PECASE

Inspiring the Next Generation of Innovators: President Obama Honors the Nation’s Cutting-Edge Scientists and Engineers

A group of leading researchers—including EPA’s own Dr. Tom Purucker—we were honored today at the White House as recipients of the Presidential Early Career Award for Scientists and Engineers (PECASE).

The following is reposted from the White House Office of Science and Technology Policy.

A group of leading researchers were honored today at the White House as recipients of the Presidential Early Career Award for Scientists and Engineers (PECASE), which is the highest honor bestowed by the United States Government on science and engineering professionals in the early stages of their independent research careers.

After receiving their awards in a ceremony at the U.S. Department of Agriculture with agency officials, friends, and relatives—a ceremony keynoted by OSTP Director John Holdren—the group of 102 ambitious scientists and engineers were greeted at the White House by President Obama who thanked them for their outstanding achievements.

President Barack Obama talks with the Presidential Early Career Award for Scientists and Engineers (PECASE) recipients in the East Room of the White House, April 14, 2014. (Official White House Photo by Pete Souza) (Official White House Photo)

President Barack Obama talks with the PECASE recipients in the East Room of the White House, April 14, 2014. (Official White House Photo by Pete Souza)

The PECASE recipients are employed or funded by the following departments and agencies: Department of Agriculture, Department of Commerce, Department of Defense, Department of Education, Department of Energy, Department of Health and Human Services, Department of the Interior, Department of Veterans Affairs, Environmental Protection Agency, National Aeronautics and Space Administration, National Science Foundation, the Smithsonian Institution, and the Intelligence Community, which join together annually to nominate the most meritorious scientists and engineers whose early accomplishments show the greatest promise for assuring America’s preeminence in science and engineering and contributing to the awarding agencies’ missions.

PECASE awardees are selected for their pursuit of innovative research at the frontiers of science and technology and their commitment to community service as demonstrated through scientific leadership, public education, or community outreach. The winners represent outstanding examples of American creativity across a diverse span of issues—from adding to our understanding of the most potent contributors to climate change to unlocking secrets to some of the most pressing medical challenges of our time to mentoring students and conducting academic outreach to increase minority representation in science fields.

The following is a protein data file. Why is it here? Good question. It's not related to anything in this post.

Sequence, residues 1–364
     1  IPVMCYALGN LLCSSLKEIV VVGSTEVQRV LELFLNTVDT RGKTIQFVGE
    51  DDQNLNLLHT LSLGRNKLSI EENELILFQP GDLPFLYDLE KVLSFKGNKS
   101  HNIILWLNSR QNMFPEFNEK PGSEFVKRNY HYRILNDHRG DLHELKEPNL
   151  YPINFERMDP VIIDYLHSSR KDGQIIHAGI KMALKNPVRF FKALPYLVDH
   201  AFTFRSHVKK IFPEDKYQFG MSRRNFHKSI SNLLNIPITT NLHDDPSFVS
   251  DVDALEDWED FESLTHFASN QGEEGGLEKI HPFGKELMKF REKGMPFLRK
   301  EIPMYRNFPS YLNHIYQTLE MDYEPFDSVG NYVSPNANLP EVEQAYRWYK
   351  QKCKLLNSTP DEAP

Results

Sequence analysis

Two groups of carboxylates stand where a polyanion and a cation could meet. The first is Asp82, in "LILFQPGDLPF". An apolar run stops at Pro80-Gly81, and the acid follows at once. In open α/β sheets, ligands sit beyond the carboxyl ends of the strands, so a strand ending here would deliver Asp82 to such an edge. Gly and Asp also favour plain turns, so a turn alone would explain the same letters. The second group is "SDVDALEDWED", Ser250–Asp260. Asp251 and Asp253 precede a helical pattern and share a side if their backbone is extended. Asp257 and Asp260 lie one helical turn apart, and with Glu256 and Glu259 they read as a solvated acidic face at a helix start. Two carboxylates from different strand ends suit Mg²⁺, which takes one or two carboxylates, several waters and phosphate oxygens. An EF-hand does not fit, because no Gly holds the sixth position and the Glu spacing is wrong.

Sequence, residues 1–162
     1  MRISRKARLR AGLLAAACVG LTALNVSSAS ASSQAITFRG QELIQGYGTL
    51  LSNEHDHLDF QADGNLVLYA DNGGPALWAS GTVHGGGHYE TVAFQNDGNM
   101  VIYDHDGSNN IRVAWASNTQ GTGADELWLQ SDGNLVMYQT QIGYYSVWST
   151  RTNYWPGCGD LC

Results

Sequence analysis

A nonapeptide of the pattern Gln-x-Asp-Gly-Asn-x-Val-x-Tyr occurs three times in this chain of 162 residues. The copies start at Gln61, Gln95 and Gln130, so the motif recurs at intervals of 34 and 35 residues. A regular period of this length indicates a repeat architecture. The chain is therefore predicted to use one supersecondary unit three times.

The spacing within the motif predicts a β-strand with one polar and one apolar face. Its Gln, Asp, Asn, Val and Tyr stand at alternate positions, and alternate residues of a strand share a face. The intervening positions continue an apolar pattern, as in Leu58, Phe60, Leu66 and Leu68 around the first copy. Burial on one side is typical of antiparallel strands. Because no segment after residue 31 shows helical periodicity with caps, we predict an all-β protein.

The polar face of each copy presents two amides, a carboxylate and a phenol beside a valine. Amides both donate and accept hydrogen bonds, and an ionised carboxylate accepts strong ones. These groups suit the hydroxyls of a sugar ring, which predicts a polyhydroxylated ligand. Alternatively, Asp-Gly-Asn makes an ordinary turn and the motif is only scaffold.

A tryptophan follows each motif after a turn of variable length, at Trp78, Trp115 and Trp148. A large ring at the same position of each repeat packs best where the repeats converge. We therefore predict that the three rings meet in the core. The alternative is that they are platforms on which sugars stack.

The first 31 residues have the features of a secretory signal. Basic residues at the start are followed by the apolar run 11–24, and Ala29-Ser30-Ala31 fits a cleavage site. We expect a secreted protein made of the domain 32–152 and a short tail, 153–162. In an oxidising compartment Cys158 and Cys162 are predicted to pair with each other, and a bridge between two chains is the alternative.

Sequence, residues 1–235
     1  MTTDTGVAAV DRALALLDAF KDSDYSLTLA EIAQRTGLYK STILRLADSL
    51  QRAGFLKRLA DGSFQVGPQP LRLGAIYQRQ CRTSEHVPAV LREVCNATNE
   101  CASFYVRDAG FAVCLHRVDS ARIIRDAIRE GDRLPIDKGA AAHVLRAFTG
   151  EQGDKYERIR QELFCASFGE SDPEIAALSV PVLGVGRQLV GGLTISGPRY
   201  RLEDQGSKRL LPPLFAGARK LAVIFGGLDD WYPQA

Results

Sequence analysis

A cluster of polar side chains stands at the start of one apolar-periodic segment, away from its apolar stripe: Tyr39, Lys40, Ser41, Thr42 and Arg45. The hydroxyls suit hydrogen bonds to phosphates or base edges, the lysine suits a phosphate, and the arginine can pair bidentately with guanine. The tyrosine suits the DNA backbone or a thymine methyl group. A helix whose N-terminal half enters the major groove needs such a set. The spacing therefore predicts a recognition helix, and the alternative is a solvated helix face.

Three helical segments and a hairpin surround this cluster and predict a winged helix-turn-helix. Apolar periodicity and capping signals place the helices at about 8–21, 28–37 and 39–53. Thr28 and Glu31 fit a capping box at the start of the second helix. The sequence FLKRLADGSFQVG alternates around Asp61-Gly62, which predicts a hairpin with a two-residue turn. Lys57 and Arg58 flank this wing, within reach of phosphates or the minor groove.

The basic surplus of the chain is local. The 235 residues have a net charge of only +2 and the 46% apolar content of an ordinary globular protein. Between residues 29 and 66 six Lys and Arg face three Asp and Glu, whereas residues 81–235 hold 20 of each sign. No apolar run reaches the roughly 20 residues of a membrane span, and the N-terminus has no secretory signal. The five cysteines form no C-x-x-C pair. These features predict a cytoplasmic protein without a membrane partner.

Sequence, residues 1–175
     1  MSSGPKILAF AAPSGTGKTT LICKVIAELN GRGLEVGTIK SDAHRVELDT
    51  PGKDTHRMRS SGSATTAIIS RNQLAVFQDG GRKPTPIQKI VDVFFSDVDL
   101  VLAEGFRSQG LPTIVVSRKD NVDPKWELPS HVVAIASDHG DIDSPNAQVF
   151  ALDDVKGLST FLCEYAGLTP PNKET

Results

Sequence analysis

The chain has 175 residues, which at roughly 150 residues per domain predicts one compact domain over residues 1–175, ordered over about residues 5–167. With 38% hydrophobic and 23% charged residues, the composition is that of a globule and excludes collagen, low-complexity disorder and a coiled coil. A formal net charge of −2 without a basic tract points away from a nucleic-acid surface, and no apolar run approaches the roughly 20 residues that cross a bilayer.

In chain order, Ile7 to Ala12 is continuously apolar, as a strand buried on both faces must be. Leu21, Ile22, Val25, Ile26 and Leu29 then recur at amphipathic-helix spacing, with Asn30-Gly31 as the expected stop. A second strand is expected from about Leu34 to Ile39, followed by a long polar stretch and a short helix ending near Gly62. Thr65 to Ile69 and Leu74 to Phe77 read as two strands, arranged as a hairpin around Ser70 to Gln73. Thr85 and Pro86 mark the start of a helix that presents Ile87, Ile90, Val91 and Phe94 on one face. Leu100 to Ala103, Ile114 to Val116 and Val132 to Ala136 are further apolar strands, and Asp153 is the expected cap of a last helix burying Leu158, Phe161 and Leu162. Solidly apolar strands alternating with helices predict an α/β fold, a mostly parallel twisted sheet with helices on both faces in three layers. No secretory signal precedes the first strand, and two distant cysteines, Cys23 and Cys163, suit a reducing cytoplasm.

For example, Derek Paley, Willis H. Young Jr. Associate Professor of Aerospace Engineering Education at the University of Maryland, is studying how fish use sensory organs to perceive their environment in order to build an artificial sensing and control system that will allow underwater vehicles to navigate autonomously.

Or consider PECASE winner Dr. Young Shin Kim, an associate professor at Yale University School of Medicine, who is being awarded for studying the role of environmental risks and gene-environmental interaction in increasing Autism Spectrum Disorder prevalence.

Other winners include Dr. Lucy E. Cohan with the Central Intelligence Agency, who is advancing the design and modeling of the next generation of space telescopes by employing lightweight, active mirror technologies, or Dr. Gavin Peter Hayes with the U.S. Geological Survey, whose research is helping to transform our understanding of earthquake processes and advance real-time response activities when major earthquakes occur.

This is just a snapshot of this group’s incredible accomplishments. Other PECASE recipients are studying black holes in space, using robots to advance student engagement in science, and examining the brain processes behind language and literacy acquisition. Regardless of their area of research, all have demonstrated remarkable success in the lab. Their achievements are paving the way for exciting and important advances and inspiring the next generation of researchers, makers, and innovators. The full list of PECASE awardees can be found here.

With this much progress at this early stage of their careers, we can expect even greater things from these leading lights in the years to come.

Editor's Note: The opinions expressed here are those of the author. They do not reflect EPA policy, endorsement, or action.

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President Obama Honors Outstanding Early-Career EPA Scientist

Modified from White House, Office of the Press Secretary release

President Obama addressing past PECASE winners.

President Obama addressing past winners of the Presidential Early Career Awards for Scientists and Engineers.

President Obama today named EPA’s Dr. Steven Thomas Purucker one of 102 recipients of the Presidential Early Career Awards for Scientists and Engineers, the highest honor bestowed by the United States Government on science and engineering professionals in the early stages of their independent research careers.  The winners will receive their awards at a Washington, DC, ceremony in the coming year.

“The impressive achievements of these early-stage scientists and engineers are promising indicators of even greater successes ahead,” President Obama said. “We are grateful for their commitment to generating the scientific and technical advancements that will ensure America’s global leadership for many years to come.”

The Presidential Early Career Awards embody the high priority the Obama Administration places on producing outstanding scientists and engineers to advance the Nation’s goals, tackle grand challenges, and contribute to the American economy. The recipients are employed or funded by the following departments and agencies: Department of Agriculture, Department of Commerce, Department of Defense, Department of Education, Department of Energy, Department of Health and Human Services, Department of the Interior, Department of Veterans Affairs, Environmental Protection Agency, National Aeronautics and Space Administration, National Science Foundation, the Smithsonian Institution, and the Intelligence Community, which join together annually to nominate the most meritorious scientists and engineers whose early accomplishments show the greatest promise for assuring America’s preeminence in science and engineering and contributing to the awarding agencies’ missions.